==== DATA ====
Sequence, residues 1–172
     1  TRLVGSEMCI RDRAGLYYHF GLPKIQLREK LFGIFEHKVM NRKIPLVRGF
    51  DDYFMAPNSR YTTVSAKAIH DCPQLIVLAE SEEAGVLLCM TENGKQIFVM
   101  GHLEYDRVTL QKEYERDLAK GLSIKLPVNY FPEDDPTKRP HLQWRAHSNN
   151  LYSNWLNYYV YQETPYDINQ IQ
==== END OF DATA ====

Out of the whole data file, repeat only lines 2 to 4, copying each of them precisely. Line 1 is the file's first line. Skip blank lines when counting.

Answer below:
     1  TRLVGSEMCI RDRAGLYYHF GLPKIQLREK LFGIFEHKVM NRKIPLVRGF
    51  DDYFMAPNSR YTTVSAKAIH DCPQLIVLAE SEEAGVLLCM TENGKQIFVM
   101  GHLEYDRVTL QKEYERDLAK GLSIKLPVNY FPEDDPTKRP HLQWRAHSNN